YES Bank: Why investors should not be taken in by rating upgrades

Topics YES Bank | Banking sector | Compass

YES Bank’s shrinking business is worrying, say analysts.
From being placed under moratorium in March to having a new management team that has proved effective on many counts — arresting the run on deposits, bolstering capital adequacy, and charting a new growth strategy — the past six months have been a whirlwind for YES Bank.

It has repaid in full the special liquidity facility (Rs 50,000 crore) availed from the Reserve Bank of India (RBI). Nearly five rating agencies, including Moody’s, have upgraded their ratings on various facilities of YES Bank in a month.

The change appears to have been triggered by the follow-on public offering (FPO) of Rs 15,000 crore raised at Rs 12 per share — which altered the opinion of most rating agencies — as it increased the tier-1 capital adequacy ratio from 6.5 per cent to 13.4 per cent.

However, from an investor’s perspective — more importantly, from a retail investor’s perspective — it might be too early to join the bandwagon. YES Bank’s Rs 45 crore net profit, though meagre, reiterated the management’s commitment to completely repair and overhaul financials.

The key takeaways were the 78 per cent sequential reduction in provisioning cost and 11 per cent growth in deposits. However, equity came only in July and provisioning cost might bulge once again, given the capital comfort. In the June quarter (Q1), the lender was starved for capital, which could have restricted it to make higher provisions.

As for deposits, current account deposits grew 8 per cent sequentially in Q1, while savings deposits (a better indicator of retail money) shrank 1 per cent. The share of retail deposits to total deposits declined from 37 per cent in the March quarter to 33 per cent in Q1. “Retail term deposits will be a key number to watch out for,” says Suresh Ganapathy of Macquarie Capital.


The larger concern for Siddharth Purohit of SMC Capital is the bank’s shrinking business. While the entire banking sector is witnessing a moderation because of the economic disruption caused by the pandemic, YES Bank could be hit harder in terms of business growth and loan recoveries, both of which are crucial to the lender’s new path.

YES Bank had a strong quarter operationally, even though loans and advances declined by 4 per cent sequentially in Q1. “It’s too early to give it a clean chit and Covid related pressures will be revealed only by year-end. Can the bank grow without consuming capital is the question,” Purohit says.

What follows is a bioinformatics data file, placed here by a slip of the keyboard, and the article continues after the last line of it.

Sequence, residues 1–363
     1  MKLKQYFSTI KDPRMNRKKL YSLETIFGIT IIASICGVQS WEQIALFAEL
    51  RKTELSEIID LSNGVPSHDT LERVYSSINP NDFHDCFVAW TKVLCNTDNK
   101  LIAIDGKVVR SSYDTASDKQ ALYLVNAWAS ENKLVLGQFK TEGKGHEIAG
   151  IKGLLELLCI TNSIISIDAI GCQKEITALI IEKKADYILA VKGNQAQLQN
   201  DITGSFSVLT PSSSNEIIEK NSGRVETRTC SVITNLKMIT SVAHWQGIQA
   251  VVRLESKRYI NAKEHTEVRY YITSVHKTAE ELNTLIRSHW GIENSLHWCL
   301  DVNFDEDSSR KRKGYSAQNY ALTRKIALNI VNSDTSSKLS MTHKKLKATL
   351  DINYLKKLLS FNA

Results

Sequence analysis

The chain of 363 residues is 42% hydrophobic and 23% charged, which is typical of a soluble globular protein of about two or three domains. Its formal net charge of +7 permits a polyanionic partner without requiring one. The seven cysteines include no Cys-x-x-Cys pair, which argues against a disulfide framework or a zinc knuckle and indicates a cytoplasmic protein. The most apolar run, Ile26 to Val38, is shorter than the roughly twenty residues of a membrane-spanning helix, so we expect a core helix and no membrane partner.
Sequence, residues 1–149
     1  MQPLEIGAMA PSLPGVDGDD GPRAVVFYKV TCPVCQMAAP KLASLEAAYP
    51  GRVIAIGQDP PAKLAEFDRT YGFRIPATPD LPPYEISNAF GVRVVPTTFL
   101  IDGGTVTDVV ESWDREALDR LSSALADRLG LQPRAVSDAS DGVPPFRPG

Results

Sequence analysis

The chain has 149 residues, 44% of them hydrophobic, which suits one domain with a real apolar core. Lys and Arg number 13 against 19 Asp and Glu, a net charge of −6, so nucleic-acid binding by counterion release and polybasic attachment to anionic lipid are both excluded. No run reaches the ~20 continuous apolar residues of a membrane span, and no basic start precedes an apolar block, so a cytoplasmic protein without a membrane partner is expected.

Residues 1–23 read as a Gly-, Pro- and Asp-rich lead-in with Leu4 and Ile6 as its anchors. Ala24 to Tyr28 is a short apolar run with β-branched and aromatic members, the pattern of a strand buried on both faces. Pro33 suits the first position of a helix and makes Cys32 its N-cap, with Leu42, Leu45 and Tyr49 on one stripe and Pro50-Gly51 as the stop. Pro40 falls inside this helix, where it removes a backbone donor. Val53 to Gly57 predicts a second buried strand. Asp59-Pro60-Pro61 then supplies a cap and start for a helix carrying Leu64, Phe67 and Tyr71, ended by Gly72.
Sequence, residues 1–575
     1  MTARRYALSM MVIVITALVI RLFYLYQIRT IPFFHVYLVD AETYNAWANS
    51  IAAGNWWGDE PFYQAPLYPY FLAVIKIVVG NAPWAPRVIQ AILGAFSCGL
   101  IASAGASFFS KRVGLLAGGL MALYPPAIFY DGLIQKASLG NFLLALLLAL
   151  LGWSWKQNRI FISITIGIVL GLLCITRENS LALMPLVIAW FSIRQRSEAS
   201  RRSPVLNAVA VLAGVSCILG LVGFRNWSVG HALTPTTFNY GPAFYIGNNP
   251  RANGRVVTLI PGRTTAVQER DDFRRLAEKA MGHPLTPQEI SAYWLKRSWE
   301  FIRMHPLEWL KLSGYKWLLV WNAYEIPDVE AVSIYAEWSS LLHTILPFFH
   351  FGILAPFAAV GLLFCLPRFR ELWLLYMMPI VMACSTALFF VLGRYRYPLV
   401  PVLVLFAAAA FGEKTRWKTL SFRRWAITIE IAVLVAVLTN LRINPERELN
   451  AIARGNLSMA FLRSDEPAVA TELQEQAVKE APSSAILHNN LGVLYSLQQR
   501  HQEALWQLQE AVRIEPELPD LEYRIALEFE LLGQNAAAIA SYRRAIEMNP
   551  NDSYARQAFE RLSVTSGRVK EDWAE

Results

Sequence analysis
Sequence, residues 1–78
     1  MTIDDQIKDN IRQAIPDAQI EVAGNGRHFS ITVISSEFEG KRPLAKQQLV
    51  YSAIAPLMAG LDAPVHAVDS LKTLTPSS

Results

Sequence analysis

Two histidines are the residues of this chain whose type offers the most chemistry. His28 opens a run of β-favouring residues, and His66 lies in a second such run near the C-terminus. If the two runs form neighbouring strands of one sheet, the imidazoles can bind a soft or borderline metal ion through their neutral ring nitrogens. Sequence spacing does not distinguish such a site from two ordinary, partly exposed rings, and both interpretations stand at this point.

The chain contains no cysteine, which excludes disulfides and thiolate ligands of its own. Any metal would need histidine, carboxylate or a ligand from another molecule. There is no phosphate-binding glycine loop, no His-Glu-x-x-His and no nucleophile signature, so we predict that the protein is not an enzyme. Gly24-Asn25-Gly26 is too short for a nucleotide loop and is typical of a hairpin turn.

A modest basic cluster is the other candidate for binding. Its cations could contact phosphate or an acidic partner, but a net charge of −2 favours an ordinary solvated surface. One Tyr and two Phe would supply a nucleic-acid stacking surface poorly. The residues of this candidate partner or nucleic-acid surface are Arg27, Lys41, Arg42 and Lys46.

And then, there’s the perpetual question of whether the worst in terms of asset quality woes is behind the bank. Analysts at Kotak Institutional Equities have assumed YES Bank’s slippage ratio (or loans turning bad) at 13 per cent for FY21-22 (as against management guidance of 5 per cent) and credit cost of 5 per cent for FY21 and 3.3 per cent for FY22.

What’s more, trading at Rs 14.26 a piece, YES Bank stocks might seem cheap, but it is at a steep premium to RBL Bank and IndusInd Bank, without fundamentals supporting the valuation.

Sample this: Pre-FPO investors have taken a 90 per cent equity dilution and have to stay put in this position for the next two years. “We have not come to a point where we can establish a thesis that justifies this premium,” the Kotak analysts’ note said. 

There’s also the risk of another capital dilution if internal accruals do not support capital accretion. According to Ganapathy, Rs 20,000 crore of accounts are yet to be recognised as bad, which could entail provisioning of Rs 14,000 crore and Rs 9,000 crore is the minimum required to meet the capital adequacy norms. “We estimate the total requirement without considering growth capital needs at Rs 23,000 crore in less than a year,” he says.

In all, with limited room for error, multiple uncertainties and abundant supply of shares in the secondary market, investors shouldn’t rush into the YES Bank stock.


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